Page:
Don’t go to the press they are A1 arseholes!

mred 11:12 pm 03 Dec 09

What’s the difference if he stayed over night or not? Surely the unfortunate baby who died could just as easily come to the same grief from a 15 minute visit. I sure hop husbands aren’t thrown out of hospitals because of some poor tragedy.

Anna Key 10:33 pm 03 Dec 09

But if the father was undiagnosed, how might this be avoided? What would have happened if the mother had undiagnosed TB and passed it on?

It would also be nice if the poor child could be known by his name rather than “DJ”.

54-11 10:02 pm 03 Dec 09

No, junkett, we should not leave it alone. This is a public health issue and one that is important to us.

Don’t even think about censoring poeple who have concerns about our (deteriorating) health system, and even more concerns about our (deteriorating) health minister.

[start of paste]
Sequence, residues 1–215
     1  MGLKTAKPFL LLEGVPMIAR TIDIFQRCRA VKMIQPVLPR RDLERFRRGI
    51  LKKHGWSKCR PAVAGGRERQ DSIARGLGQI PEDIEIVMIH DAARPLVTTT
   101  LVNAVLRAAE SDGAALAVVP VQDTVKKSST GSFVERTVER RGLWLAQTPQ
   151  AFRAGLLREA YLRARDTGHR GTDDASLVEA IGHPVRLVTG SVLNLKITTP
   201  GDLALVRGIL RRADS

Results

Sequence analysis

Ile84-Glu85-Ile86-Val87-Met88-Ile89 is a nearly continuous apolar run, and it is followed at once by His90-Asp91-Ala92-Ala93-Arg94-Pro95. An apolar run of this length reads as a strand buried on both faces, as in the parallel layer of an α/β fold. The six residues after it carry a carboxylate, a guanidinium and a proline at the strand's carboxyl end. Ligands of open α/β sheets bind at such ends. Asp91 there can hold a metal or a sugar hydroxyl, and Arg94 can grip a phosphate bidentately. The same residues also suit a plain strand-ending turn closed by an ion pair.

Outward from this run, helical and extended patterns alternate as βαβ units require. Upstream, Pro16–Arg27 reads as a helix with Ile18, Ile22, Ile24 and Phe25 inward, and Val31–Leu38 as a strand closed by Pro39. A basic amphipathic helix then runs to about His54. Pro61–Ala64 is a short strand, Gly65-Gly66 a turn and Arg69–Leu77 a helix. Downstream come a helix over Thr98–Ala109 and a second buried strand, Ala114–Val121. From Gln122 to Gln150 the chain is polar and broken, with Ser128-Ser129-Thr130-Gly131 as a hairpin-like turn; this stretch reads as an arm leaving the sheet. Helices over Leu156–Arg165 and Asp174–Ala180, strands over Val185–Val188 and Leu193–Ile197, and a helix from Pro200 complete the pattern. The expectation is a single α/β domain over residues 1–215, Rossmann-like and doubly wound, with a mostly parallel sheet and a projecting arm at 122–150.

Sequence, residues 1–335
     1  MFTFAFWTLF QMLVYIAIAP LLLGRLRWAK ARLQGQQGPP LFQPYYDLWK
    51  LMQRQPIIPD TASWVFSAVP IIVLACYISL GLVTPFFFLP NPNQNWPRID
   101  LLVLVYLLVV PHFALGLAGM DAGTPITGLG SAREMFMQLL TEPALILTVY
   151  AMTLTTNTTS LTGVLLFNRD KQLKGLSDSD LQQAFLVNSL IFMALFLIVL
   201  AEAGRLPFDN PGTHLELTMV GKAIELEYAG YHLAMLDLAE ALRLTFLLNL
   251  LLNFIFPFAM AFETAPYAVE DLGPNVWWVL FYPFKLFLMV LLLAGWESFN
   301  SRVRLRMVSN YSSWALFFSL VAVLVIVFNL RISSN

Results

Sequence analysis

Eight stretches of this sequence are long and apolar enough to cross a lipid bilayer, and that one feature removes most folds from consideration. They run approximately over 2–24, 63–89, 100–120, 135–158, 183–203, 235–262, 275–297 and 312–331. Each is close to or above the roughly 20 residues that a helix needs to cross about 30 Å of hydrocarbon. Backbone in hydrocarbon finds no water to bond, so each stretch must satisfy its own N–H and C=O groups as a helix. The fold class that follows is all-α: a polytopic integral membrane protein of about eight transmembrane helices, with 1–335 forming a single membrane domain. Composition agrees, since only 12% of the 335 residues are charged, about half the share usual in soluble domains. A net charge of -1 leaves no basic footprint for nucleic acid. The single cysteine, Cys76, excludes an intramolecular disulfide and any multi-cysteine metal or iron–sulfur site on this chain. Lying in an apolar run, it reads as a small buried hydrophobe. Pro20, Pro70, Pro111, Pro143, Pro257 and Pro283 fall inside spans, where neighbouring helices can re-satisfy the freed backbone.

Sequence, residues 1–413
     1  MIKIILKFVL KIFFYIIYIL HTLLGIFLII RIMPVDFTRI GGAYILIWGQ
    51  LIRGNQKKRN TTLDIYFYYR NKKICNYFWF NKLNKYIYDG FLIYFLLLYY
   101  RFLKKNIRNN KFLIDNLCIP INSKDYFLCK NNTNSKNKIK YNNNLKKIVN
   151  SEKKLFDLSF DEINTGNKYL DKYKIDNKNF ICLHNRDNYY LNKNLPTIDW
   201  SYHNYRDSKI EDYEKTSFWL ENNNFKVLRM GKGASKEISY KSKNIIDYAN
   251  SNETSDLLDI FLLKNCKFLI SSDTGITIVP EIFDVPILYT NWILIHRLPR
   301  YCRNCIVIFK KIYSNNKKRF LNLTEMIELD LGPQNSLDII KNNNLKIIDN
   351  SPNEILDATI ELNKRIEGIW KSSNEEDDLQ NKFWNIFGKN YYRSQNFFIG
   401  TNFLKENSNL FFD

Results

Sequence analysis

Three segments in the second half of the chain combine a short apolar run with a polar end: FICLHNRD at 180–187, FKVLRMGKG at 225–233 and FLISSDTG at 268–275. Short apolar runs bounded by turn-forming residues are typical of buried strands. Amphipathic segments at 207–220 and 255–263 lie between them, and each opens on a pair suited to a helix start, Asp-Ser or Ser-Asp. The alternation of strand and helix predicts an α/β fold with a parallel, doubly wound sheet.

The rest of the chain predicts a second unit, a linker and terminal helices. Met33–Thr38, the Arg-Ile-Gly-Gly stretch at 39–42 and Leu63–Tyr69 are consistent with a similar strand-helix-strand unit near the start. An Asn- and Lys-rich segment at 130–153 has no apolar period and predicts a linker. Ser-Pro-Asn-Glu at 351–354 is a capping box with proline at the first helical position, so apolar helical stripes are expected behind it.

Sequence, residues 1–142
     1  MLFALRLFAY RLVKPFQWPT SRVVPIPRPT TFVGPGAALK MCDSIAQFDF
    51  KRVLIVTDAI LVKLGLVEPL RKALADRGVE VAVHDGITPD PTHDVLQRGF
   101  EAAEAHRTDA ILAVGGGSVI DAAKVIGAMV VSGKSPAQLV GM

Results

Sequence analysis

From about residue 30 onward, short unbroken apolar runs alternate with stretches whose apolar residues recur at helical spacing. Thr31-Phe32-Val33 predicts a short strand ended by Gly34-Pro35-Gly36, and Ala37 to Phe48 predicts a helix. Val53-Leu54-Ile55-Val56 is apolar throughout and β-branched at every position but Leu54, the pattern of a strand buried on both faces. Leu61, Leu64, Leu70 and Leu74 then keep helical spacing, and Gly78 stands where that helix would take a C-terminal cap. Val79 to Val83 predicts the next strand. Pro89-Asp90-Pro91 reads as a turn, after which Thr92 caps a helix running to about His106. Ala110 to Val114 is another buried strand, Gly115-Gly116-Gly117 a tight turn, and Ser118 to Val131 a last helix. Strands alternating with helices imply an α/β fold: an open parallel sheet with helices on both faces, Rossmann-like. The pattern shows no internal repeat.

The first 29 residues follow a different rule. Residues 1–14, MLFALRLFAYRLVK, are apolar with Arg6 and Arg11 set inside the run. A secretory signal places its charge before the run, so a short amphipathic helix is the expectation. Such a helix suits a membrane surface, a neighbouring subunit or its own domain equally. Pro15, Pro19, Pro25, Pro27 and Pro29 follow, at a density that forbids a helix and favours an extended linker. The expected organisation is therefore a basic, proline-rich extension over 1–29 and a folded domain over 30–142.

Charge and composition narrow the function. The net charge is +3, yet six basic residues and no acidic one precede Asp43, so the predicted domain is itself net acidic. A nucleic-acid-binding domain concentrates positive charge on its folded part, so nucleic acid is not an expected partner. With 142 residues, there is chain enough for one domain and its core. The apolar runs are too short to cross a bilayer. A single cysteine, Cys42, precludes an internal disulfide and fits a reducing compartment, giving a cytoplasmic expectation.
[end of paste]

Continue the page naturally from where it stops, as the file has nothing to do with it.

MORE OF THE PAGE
junkett 8:19 pm 03 Dec 09

Oh, FFS! We don’t live third world here as far as health care goes. As much as I hate the Labor party, don’t take press articles as gospel. Even the Beaker (“all hale the Beaker”) Stanhope can’t stop tragic events.

As always there will be more to the story that we will not and should not hear about (despite all Waterford’s very public postulating “our right to know”).

This is a shit of a time for the parents even if going straight to the press was a very bad move. Leave it alone.

Thumper 6:32 pm 03 Dec 09

Because nothing bad ever happens to anybody in private hospitals.

Well no-one has died of TB recently.

But it’s all good, Katy said so.

TAD 6:31 pm 03 Dec 09

A sad case much like many others every week that are grieved in private.

However with the opportunity for sensationalism by the CT and political mileage by MLAs, this poor child and his parents’ grief is laid bare in the most exploitative way.